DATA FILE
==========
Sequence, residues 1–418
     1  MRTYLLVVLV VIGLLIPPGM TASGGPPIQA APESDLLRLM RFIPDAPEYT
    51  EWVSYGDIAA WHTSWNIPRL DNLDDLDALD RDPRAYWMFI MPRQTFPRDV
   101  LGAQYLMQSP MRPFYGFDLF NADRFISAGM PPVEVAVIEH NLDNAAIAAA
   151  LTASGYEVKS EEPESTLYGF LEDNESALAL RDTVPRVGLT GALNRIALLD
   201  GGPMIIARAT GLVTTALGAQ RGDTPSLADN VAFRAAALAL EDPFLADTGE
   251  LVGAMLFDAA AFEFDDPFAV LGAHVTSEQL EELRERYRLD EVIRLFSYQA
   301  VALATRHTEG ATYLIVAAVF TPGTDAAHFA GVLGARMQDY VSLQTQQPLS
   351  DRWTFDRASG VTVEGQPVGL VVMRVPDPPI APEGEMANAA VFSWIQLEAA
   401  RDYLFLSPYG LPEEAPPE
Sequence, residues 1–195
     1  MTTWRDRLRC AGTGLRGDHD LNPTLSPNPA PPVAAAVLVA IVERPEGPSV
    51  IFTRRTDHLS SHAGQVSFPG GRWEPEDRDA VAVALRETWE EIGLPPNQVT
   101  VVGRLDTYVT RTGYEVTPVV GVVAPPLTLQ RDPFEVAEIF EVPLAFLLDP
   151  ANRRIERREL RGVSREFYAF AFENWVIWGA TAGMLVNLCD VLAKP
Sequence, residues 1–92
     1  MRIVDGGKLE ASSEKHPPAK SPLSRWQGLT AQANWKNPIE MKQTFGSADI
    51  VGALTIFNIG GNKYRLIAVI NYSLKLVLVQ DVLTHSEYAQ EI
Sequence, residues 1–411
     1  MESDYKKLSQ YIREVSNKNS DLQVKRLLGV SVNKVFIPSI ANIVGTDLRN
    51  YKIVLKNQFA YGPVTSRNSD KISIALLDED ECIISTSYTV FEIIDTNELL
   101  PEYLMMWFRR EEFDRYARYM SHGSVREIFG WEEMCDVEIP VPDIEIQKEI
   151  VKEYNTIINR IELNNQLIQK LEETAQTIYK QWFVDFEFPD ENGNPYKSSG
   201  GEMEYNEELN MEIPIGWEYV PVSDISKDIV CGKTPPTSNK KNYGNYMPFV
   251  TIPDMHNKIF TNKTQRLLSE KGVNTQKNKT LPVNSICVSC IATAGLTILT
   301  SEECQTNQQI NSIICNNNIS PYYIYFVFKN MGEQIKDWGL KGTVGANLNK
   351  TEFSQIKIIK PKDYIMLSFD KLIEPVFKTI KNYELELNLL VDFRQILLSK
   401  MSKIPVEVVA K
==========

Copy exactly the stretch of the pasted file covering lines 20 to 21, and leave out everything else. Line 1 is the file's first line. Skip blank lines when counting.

     1  MESDYKKLSQ YIREVSNKNS DLQVKRLLGV SVNKVFIPSI ANIVGTDLRN
    51  YKIVLKNQFA YGPVTSRNSD KISIALLDED ECIISTSYTV FEIIDTNELL